Scientists study home range factors

October 5, 2006

A team of European scientists says it has determined what factors affect the home range size among individuals of one species.

Instead of wandering aimlessly, most animals tend to stay in a certain area known as their home range.

Luca Borger of the University of Cambridge, Tim Coulson of Imperial College London and Novella Franconi of the University of Siena spent four years monitoring the movements of roe deer in southern Tuscany. They determined neighboring animals differ in the amount of area they use depending on the most abundant habitat type inside their home range.

They found the deer also respond to day length, with small home ranges in the summer and larger areas in autumn and winter.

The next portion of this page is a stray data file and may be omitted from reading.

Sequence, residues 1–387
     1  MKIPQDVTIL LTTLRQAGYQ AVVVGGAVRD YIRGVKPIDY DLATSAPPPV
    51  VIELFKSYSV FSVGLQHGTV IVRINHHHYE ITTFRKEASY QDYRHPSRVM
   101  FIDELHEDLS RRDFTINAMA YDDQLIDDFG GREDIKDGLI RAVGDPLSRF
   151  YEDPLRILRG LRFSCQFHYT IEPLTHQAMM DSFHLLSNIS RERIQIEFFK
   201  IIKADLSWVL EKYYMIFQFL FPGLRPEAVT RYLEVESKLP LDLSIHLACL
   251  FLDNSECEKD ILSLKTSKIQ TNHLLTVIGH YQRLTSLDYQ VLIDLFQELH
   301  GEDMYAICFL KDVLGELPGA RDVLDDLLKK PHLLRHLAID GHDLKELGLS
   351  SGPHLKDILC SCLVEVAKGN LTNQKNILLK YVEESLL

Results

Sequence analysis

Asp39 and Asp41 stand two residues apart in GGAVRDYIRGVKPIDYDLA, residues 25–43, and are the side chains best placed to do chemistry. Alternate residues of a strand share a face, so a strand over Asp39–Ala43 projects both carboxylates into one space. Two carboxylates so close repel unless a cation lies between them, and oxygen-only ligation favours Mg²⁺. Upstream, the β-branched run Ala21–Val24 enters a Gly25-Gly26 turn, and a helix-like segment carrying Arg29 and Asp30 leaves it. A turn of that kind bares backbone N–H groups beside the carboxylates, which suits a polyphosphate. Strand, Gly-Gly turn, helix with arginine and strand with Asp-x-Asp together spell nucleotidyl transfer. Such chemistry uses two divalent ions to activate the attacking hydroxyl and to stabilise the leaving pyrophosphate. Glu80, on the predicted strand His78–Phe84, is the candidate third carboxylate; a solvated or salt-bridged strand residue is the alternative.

"Yet, if it rains less or it is hotter than usual, the animals range over wider or smaller areas, depending on the habitat they are in," said Franconi.

"This is not only of scientific interest," added Coulson, "but is increasingly important to manage the effects of climate change and habitat alterations on animal populations."

The study appears in the journal The American Naturalist.

Copyright 2006 by United Press International

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